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Sarah Silver: Putting Motion In Motion

Sarah Silver’s annual collaboration with the Stephen Petronio Company is taking a fresh new turn as the photographer incorporates motion capture in the project


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The set was massive, an elevated steel deck three feet off the ground. We had three walls painted matte black, as well as a matte black floor. That was very thought out. But inside these three walls and that crazy floor, I really wanted to be surprised.

DPP: Why did you build a deck instead of having the dancers on the studio floor?

Silver: For a couple of reasons. I wanted the experience of having them on stage. I also wanted the feeling of the dancers being enclosed in this space that was a little claustrophobic. But more than anything, it was in order to get the lighting in the right place; the floor had to be off the ground. For the dancers, it felt special. You put a dancer on stage and they transform.

DPP: What did you do in terms of post on the video?

Silver: Stephen chose the music for the video, which really helped. It set the mood. I worked closely with a fantastic editor, Thomas Ramsey. Post for me is as important as the shoot itself. You spend a lot of time "concepting" a shoot, why would you throw it out into the universe? Your postproduction and preproduction require the same amount of care.

DPP: Your background in dance must help you in this work. Did you think you were going to be a professional dancer when you grew up?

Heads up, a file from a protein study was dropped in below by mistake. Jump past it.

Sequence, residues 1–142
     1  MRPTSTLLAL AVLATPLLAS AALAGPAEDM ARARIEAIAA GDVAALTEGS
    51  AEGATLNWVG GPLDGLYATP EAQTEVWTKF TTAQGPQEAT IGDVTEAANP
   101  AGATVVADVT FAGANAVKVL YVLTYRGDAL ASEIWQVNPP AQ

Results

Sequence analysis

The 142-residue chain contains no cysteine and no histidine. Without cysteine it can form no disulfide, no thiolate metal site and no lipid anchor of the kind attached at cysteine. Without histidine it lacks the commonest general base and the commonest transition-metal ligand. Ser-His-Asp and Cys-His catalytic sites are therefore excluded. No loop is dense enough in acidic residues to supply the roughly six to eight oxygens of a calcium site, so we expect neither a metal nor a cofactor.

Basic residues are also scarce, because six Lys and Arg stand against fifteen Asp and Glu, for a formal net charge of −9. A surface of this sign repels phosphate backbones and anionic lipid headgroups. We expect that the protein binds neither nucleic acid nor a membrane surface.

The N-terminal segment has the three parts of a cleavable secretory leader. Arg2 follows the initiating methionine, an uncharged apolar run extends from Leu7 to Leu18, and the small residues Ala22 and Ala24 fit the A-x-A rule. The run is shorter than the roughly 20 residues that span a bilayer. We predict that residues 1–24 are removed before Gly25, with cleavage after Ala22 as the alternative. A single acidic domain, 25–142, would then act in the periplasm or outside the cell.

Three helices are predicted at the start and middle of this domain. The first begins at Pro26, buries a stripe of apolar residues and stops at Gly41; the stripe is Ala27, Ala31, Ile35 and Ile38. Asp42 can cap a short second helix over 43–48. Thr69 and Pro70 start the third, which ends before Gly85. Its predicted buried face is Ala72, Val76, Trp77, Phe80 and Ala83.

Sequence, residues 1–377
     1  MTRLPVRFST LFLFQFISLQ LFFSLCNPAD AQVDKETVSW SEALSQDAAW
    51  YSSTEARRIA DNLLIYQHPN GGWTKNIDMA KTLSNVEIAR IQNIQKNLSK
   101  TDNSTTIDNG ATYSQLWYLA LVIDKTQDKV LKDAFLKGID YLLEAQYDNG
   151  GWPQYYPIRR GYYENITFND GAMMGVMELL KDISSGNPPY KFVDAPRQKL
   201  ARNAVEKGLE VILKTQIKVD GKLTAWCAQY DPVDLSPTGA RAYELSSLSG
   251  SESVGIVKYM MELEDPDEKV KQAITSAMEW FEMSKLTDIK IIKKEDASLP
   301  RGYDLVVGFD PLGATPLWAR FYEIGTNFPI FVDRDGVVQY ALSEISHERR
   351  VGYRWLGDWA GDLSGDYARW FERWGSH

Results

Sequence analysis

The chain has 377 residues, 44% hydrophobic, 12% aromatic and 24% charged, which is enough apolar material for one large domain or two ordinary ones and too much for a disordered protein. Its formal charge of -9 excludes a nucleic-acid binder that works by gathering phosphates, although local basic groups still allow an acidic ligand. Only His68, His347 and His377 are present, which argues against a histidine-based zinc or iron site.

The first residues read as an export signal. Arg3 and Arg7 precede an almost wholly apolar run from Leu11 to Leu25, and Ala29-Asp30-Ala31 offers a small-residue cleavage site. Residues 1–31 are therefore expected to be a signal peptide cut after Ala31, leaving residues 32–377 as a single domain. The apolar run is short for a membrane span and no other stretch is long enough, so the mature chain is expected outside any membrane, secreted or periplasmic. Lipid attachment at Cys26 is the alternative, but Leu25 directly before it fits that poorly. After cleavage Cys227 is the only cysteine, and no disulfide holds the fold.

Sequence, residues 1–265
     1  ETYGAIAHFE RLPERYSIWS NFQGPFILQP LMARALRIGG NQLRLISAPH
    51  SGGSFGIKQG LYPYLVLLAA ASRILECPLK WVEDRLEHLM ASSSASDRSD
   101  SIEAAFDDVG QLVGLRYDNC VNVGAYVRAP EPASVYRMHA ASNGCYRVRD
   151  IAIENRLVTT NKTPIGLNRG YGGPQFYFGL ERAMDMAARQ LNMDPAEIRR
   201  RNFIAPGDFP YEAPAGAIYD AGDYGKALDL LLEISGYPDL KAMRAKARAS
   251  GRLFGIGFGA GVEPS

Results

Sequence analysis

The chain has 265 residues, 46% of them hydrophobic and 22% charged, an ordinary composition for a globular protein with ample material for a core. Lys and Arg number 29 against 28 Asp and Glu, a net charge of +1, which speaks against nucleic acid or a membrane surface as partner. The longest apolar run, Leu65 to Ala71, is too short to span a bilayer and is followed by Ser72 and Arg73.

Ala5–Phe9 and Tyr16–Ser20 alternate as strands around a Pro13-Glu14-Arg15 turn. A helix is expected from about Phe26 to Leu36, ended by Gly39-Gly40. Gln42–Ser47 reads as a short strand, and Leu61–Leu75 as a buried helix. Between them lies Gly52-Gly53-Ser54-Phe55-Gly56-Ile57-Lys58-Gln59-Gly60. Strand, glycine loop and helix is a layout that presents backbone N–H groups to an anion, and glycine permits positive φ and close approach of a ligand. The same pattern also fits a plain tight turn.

For the video, Silver stepped out from behind the camera to become director over a three-camera setup. Because of the gold paint used for the video, Silver preferred to oversee and direct the performers. You can see the final video, "Like Lazarus Did," on her Vimeo page at Vimeo.com/user7642947.
Silver: If I were delusional. I learned very quickly that I didn't have what it took to be a professional dancer—although I cried when I figured it out at age 13. When I realized that I could have something just as rewarding by directing it in a photographic setting, I ran with it. I have an incredibly wonderful career shooting movement with fashion and beauty. My background in dance has allowed me to be a really good photographer. I may have been sad when I was 13, but now I consider myself immensely lucky. I married a professional dancer. I know what it takes—incredible stamina and flexibility and an ability to be extraordinary with your physical being—and I didn't have it.

DPP: Dancers tend to have pretty impressive bodies to photograph.

Silver: That's true, but if you're not helping accentuate it with lighting, then you're not showcasing their physiques. I always use some sort of tripod or camera stand because I like to see the big picture of the performance and use a remote to trigger the shutter. I prefocus and stand next to the camera. When I'm on the Hasselblad, I'm on a remote trigger. I don't even look through the camera. I set it, then I forget it, because I want to see the action. It's about anticipating the moves. You go for the Cartier-Bresson decisive moment.

DPP: His famous decisive moment shot is of a man jumping over a puddle behind the Gare Saint-Lazare in Paris. It looks like a dance movement.

Silver: Dance is a reflection of real life, and real life is movement.

You can see more of Sarah Silver's work at www.sarahsilver.com.

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